Iron and phosphate are both vital to many biological cellular processes with central roles in energy metabolism, cellular proliferation and nucleic acid synthesis. Regulatory pathways in some of these metabolic pathways may intersect at fibroblast growth factor 23 (FGF23), a major phosphate regulatory hormone. Iron is reported to induce hypophosphataemia in rare cases, and recent reports suggest that iron deficiency may upregulate FGF23 synthesis by mechanisms involving hypoxia-inducible factor 1α (HIF1α). Our objective was to evaluate the effect of administration of intravenous iron polymaltose on intact and c-terminal FGF23 (i:cFGF23) ratios in two independent cohorts of patients, iron-deficient but non-inflamed patients and haemodialysis (HD)-dependent patients, and to examine the balance of synthesis and degradation.SUBJECTS/METHODS:
We studied biochemical effects of intravenous iron polymaltose on both iFGF23 and cFGF23 fragments and their ratios in two patient groups: iron-deficient patients with normal renal function (ID-norm) and HD patients receiving iron supplementation (HD-ESKD) at a single institution. Patients were tested at baseline, day 4 and day 12 post iron administration.RESULTS:
Parenteral iron polymaltose resulted in increased i:cFGF23 ratios in ID-norm patients where circulating cFGF23 levels decreased with no appreciable effect on iFGF23, whereas no significant changes in i:cFGF23 ratios were observed in HD-ESKD patients following intravenous administration of 100mg iron polymaltose.CONCLUSIONS:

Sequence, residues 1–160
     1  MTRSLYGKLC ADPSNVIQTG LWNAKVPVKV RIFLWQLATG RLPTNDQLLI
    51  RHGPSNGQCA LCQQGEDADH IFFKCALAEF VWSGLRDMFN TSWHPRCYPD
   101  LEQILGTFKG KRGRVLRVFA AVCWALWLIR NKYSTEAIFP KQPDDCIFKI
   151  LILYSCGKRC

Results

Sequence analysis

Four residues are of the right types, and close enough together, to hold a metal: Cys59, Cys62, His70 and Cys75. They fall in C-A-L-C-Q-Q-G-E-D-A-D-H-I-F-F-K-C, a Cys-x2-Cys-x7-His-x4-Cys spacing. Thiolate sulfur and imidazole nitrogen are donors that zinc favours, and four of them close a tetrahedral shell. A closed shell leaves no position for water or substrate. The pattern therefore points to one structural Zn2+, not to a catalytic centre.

Dysregulation of intracellular FGF23-processing mechanisms may be related to iron deficiency per se rather than iron repletion with iron polymaltose. In ID-norm, i:cFGF23 ratios altered with iron administration without significant clinical alterations in mineral parameters, implying that other regulatory mechanisms may be important. Finally, iron supplementation in HD-ESKD patients does not appear to significantly affect i:cFGF23 ratios already disturbed by a chronic inflammatory or functionally iron-deficient state.